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TransparencyCitizen participationTechnology and innovationAccountability

Latest information

The Open Government Partnership

What is the Open Government Partnership?

The Open Government Partnership (OGP) was launched in 20 September 2011 to provide an international platform for domestic reformers to implement ambitious open government reforms based on a number of commitments to make their governments more open, accountable, responsive to citizens. Since then, OGP has grown from 8 countries to the 63 participating countries. In all of these countries, government and civil society are working together to develop and implement ambitious open government reforms based on a number of commitments to make their governments more open and accountable.
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OGP South Africa

South Africa was one of the founding members of the OGP when it was formally launched in 20 September 2011, and has made a number of commitments that seek to build on existing government and citizen-led initiatives related to open government in the country. From the South African perspective, OGP commitments must be aligned to the five year national priorities which are, in turn, linked to the targets identified in the NDP and which are derived from the assessment of South Africa’s achievement of the national vision as stipulated in the Constitution. That is the achievement of a non-racial, non sexist, united, democratic South Africa.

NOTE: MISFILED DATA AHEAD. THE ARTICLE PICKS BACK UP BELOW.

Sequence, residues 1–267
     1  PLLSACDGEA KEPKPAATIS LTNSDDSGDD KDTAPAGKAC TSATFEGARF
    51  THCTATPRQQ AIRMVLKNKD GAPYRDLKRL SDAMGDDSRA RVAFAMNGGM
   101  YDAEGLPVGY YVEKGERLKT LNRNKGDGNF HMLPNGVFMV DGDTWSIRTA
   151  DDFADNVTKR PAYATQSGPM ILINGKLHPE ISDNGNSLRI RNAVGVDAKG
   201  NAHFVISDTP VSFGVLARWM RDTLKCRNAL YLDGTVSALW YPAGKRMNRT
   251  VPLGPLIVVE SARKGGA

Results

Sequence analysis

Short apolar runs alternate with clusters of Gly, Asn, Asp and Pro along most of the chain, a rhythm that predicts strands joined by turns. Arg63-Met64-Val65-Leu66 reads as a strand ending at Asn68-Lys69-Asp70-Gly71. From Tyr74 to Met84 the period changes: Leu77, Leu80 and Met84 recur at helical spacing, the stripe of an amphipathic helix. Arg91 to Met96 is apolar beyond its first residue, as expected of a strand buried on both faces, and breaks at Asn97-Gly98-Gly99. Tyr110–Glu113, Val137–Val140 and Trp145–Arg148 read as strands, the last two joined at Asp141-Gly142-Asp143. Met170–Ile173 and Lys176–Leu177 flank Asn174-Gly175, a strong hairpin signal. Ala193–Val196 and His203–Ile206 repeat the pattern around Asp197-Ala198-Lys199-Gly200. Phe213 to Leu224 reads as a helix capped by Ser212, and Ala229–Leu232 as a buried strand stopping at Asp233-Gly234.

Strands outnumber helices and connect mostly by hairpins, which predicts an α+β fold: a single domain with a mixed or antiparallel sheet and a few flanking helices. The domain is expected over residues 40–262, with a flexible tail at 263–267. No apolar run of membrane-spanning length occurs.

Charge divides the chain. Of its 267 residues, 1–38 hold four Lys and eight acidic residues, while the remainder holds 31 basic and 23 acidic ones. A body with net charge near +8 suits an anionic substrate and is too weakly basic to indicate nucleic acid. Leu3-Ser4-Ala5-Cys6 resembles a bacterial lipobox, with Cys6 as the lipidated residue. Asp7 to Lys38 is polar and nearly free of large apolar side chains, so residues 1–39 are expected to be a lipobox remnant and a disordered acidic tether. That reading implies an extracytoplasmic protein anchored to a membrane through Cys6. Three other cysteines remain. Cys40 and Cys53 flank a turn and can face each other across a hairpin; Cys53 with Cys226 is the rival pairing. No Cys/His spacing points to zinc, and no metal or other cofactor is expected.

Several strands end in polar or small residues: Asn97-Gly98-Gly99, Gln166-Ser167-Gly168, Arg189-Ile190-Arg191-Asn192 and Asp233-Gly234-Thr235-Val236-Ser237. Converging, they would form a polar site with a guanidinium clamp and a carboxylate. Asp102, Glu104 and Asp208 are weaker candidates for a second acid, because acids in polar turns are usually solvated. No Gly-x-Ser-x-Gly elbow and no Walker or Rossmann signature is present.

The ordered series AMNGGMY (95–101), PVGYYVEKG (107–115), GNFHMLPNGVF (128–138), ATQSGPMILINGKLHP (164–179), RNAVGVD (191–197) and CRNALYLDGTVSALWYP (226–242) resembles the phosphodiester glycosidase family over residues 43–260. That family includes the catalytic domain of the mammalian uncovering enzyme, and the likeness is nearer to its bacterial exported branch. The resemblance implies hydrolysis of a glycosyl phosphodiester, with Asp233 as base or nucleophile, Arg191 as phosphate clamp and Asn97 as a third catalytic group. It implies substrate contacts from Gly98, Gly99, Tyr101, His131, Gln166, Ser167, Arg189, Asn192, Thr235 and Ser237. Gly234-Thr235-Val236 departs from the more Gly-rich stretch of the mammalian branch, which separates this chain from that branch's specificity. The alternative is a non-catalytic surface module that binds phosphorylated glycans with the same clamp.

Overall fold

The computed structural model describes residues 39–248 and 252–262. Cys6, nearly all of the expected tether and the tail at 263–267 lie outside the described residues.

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There are rules, regulations and mechanisms in place that call upon government actors to justify their actions, act upon criticisms or requirements made of them, and accept responsibility for failure to perform with respect to laws or commitments.

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Governments embrace the importance of providing citizens with open access to technology, the role of new technologies in driving innovation, and the importance of increasing the capacity of citizens to use technology.

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Governments seek to mobilize citizens to engage in public debate, provide input, and make contributions that lead to more responsive, innovative and effective governance.

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Information on government activities and decisions is open, comprehensive, timely freely available to the public and meets basic open data standards (e.g. raw data, machine readability).

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